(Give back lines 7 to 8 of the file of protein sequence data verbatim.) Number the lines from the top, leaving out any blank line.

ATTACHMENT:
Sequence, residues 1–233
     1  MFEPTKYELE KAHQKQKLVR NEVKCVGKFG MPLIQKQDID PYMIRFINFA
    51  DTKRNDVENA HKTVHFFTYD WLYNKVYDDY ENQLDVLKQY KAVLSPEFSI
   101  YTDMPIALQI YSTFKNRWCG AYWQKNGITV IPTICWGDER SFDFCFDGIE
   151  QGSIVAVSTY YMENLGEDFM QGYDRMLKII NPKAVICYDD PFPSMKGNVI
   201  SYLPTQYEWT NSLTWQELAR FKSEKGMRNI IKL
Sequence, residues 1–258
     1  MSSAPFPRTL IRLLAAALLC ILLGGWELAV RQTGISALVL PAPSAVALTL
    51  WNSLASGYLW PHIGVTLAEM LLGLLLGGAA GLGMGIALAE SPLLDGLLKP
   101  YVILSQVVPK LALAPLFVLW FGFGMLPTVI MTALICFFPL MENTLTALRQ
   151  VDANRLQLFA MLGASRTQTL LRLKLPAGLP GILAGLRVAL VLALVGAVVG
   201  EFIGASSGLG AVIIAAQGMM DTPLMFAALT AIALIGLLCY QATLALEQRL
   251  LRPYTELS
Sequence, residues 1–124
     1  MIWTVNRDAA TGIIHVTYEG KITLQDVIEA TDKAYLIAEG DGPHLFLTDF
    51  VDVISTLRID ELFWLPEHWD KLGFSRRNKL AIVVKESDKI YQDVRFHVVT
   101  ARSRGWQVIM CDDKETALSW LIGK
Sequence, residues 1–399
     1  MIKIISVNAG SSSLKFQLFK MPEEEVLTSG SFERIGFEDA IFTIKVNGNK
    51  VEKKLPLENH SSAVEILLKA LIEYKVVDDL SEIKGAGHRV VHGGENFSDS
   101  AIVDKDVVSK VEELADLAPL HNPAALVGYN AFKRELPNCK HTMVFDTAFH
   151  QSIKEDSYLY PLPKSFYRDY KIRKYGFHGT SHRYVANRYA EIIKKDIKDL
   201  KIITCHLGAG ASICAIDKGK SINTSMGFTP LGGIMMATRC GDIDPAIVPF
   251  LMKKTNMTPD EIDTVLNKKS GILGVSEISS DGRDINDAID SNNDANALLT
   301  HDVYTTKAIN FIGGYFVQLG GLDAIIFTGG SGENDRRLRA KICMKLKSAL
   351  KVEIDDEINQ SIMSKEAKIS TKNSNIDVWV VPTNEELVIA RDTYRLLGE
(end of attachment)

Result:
Sequence, residues 1–258
     1  MSSAPFPRTL IRLLAAALLC ILLGGWELAV RQTGISALVL PAPSAVALTL